- After between a week to ten days, the seeds will germinate.
- Most likely, you won’t have all the seeds germinate. So plant more seeds in the barren patches to ensure you have a good harvest.
Although it’s not easy to get the seeds to germinate, each agretti plant grows into a small bush and provides a bounty of leaves that you can use for cooking. Once you’re past that first hurdle, caring for the growing Salsola soda plants is fairly easy and straightforward.
Agretti thrives in a loamy soil. The soil needs to be well-drained as well. Check the tilth and structure of the soil before you plant the seeds. One of the main reasons agretti seeds fail to germinate is because the soil is either too heavy or too loose for it. Heavy soil retains water far too long for the sensitive roots to tolerate it. Sandy soil drains the water too fast, which denies the roots from absorbing it. So aim for loamy soil that doesn’t turn into a clump in your fist. As for the pH levels, they should be somewhere between neutral and slightly alkaline. Between 4.5 and 6.0 should do well. Don’t plant agretti in acidic soil since it will not grow in it.\
To enjoy succulent and juicy agretti leaves, you have to pay attention to the watering schedule. On average, the plant needs between 2 to 3 inches of water per week. But rather than giving it the whole amount all at once, you should pace yourself. Your goal is to keep the soil moist throughout the plant’s life. Too much water leads to root rot, while too little watering makes the stems of the plant woody and impacts the flavors and taste of the leaves. If you get rainfall, factor that into your watering schedule and holds off irrigating the bushes until the top one inch of soil goes dry.
Agretti is not a heavy feeder. And for a plant that matures fast and has tiny flowers, it requires little nutrition in the soil. Before planting the seeds, you will mix the soil with aged manure or compost to give the plant a good start. Usually, that slow-release organic fertilizer is good enough and will feed the plant until it reaches maturity in about 50 days. However, if you underestimate the amount of organic material you have added to the soil or you notice that the agretti bushes are not growing at a good rate, you can apply a well-balanced fertilizer. Water the plants immediately after fertilizing them and water them well to avoid root burn.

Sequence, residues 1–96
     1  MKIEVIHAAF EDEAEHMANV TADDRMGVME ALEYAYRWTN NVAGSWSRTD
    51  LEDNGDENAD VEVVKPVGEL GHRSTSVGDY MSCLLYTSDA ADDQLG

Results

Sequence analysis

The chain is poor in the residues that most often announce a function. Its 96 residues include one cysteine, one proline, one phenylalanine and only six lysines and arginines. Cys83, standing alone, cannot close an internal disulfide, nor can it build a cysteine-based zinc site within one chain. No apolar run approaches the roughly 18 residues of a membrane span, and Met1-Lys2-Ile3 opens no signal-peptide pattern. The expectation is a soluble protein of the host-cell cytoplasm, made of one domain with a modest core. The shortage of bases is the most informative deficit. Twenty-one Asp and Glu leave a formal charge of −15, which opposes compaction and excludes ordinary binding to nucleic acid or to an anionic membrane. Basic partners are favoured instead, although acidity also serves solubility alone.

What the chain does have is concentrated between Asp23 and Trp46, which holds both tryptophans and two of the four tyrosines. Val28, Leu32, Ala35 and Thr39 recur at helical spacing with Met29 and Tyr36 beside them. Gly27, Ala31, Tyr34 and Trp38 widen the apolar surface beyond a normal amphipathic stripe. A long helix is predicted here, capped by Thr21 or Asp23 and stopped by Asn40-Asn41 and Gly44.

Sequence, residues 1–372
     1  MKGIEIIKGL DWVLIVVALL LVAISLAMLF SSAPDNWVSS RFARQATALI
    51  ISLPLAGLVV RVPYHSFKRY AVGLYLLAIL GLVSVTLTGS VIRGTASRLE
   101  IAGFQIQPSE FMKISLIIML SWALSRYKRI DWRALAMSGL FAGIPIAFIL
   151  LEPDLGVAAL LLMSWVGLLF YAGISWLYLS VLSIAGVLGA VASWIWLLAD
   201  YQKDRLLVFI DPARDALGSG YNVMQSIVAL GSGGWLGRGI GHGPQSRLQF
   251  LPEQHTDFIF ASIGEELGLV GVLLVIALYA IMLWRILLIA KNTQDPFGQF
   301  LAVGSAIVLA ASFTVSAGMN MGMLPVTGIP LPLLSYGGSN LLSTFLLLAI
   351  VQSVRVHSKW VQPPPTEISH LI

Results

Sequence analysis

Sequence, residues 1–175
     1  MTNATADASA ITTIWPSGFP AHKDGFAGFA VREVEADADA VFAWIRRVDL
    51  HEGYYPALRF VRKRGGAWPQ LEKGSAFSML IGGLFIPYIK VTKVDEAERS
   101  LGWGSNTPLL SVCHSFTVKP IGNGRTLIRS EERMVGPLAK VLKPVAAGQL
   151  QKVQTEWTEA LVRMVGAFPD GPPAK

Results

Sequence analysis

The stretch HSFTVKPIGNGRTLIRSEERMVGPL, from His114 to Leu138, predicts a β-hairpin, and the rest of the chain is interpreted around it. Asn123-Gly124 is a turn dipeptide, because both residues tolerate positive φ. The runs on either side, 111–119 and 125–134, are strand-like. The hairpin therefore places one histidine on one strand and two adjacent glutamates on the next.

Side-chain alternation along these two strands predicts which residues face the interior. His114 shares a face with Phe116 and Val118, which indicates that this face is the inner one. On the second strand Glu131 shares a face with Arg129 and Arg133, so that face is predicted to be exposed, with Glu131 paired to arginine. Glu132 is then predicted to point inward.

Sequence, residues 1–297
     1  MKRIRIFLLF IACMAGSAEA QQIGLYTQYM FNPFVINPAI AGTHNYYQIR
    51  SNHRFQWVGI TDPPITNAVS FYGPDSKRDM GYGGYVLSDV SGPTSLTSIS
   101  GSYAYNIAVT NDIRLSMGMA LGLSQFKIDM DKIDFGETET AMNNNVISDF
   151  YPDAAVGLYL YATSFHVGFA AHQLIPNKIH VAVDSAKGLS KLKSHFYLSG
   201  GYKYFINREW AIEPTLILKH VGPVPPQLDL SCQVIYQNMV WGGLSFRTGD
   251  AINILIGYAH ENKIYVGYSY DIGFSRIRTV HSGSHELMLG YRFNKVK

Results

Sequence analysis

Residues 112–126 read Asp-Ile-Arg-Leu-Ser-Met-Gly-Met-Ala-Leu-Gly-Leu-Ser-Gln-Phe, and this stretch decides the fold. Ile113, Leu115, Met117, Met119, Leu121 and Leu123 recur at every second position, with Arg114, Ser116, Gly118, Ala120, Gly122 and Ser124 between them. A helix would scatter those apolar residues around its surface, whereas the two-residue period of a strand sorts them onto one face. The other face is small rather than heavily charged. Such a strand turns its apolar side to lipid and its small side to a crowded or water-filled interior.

Although agretti has a short lifespan, you can still get a few harvests out of it before it becomes too woody in the hot summer. The key to this multiple harvests is to keep the soil moist and protect the roots against the heat. One way to achieve that is to use mulch. You can use any mulching material you like as long as it’s organic. Aged leaves, pine needles, and shredded oak bark are some of the top mulching choices you have at your disposal. However, you should be wary of leaving the mulching on the ground for too long. It will break down and increase the acidity levels of the soil. So only lay down about one or two inches thick layer of mulch around the base of the agretti bush. If you notice it’s starting to rot, remove the mulch and replace it with a fresh layer.
Pests and Diseases
Luckily no known diseases seem to affect agretti plants except for root rot which is often caused by overwatering the plants. As for pests, there are many. Slugs and snails have developed a taste for the young leaves and shoots of agretti. If you don’t save your plants, these pests could damage your crop. Another pest is cabbage looper. It has a voracious appetite, and it snacks on the agretti stems no matter how young or old they are. The best way to deal with those two types of pests is to pick them by hand and drown them in a bucket full of soapy water.
Tarnished plant bugs and cabbage white are two other pests you need to watch out for. The cabbage white often lays its eggs between the leaves of agretti, where the larvae will feed on the plant. Encourage birds to visit your garden since they feed on these pests.
When harvesting agretti, you want to cut the tender shoots at the top. Usually, the plant will have a central stalk that continues to grow and develop. This one becomes woody too quickly. So when that stalk becomes 6 inches tall, cut it off. That will trigger the plant to develop side shoots that are tender and succulent.
Start harvesting the leaves of agretti once the stems grow to about 7 inches high. Snip the top one or two inches using sharp and sterilized scissors. You can keep harvesting the tender shoots until the plant becomes too woody in the middle of the summer. Then you can remove it and prepare your soil for another plant. Don’t forget to harvest the seeds from the mature plant and store them until the next spring.